72 Skips – Asbestos Waste Offences Cost Criminals More Than £80,000

31-07-13-Asbestos-EAFollowing an Environment Agency investigation into asbestos fly-tipping around Essex, Hertfordshire and Kent, 72 large skips of asbestos waste were discovered at a company’s site.

The two waste operators responsible – A1 Bins and Waste Ltd director, John Tuffen, and manager Nigel Lee Hickman – have been ordered to pay £80,397 in compensation and fines.

The men were fined £3,000 each for failing their duty of care to stop the fly-tipping by a sub-contracted driver, who also pleaded guilty to fly-tipping five loads of waste; ordered to pay £13,841 each in compensation to the landowners; and were ordered to pay £30,557 (Tuffen) and £16,518 (Hickman) from the proceeds of their crimes. They have also received suspended prison sentences, enforceable if the fines are not paid on time.

A1 Bins had advertised itself as a specialist asbestos waste transport and disposal company, and it showed invoices and consignment notes supposedly showing that the waste had been taken to, and signed for, at an Oxfordshire landfill site, but the papers were proved to be false.

Environment Agency – “This case should also be a warning to legitimate businesses, to ensure that they fulfil their duty of care when employing a business or person to dispose of their waste.”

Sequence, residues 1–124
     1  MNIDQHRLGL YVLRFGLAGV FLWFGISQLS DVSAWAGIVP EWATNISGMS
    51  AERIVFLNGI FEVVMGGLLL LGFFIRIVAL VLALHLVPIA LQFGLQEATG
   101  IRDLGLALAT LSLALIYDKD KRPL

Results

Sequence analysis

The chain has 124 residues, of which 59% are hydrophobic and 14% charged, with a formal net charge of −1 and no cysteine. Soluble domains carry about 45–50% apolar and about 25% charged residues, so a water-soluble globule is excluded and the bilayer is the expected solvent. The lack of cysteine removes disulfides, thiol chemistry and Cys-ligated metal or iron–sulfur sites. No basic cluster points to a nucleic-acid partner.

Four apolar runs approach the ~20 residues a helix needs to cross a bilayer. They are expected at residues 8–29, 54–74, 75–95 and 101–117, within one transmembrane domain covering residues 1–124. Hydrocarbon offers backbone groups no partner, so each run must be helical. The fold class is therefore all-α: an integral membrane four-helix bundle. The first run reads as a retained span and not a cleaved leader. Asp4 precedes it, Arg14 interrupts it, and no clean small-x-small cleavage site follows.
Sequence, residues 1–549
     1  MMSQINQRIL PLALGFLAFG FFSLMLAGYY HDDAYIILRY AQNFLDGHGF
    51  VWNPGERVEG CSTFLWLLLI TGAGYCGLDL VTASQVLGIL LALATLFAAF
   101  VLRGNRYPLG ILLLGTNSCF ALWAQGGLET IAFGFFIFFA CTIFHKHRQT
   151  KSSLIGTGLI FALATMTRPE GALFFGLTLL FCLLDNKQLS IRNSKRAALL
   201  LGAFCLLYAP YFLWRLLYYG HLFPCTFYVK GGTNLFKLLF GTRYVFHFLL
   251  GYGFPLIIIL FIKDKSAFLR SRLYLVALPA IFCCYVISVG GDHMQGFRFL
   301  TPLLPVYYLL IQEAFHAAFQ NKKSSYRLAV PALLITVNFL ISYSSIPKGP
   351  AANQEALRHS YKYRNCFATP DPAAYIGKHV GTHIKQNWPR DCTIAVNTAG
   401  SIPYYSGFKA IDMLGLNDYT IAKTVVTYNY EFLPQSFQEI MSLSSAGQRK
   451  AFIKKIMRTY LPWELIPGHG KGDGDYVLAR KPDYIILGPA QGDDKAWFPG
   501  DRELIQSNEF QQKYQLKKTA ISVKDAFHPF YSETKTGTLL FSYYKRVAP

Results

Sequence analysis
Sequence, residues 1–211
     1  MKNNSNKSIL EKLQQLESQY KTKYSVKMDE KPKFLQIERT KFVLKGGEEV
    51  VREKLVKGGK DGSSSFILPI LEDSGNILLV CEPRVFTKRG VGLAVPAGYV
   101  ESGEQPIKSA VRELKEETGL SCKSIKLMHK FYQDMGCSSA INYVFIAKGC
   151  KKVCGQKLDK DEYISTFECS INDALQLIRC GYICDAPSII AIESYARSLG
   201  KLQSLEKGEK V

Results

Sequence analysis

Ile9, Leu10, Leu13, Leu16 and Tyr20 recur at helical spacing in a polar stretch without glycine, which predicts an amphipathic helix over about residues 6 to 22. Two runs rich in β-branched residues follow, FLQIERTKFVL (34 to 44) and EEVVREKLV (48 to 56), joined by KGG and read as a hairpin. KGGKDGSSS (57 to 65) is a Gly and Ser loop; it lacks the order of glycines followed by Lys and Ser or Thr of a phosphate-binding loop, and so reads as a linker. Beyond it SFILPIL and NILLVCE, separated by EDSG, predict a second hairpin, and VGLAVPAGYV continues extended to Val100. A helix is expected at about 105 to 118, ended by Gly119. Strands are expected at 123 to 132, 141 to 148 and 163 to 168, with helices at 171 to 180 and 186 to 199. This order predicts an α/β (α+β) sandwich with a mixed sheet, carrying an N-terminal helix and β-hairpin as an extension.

After the hearing, an Environment Agency environmental crime team leader Lesley Robertson said: “We take the problems of illegal waste very seriously.

“During this investigation we worked in partnership with other agencies including Stevenage Borough Council, Thurrock Council, Essex Police and other regions within the Environment Agency to gather evidence against those believed to be committing these offences.

“This case was made worse by the hazardous nature of the waste, namely three types of asbestos, which was being illegally stored at the site in Benfleet, further aggravated by the fact that the company the defendants operated claimed to be ‘specialist contractors for the disposal of asbestos waste’, preying on others’ trustworthiness.

“This case should also be a warning to legitimate businesses, to ensure that they fulfil their duty of care when employing a business or person to dispose of their waste, including auditing any paperwork that they should receive for the disposal of the waste – don’t be afraid to ask the necessary questions.”

 

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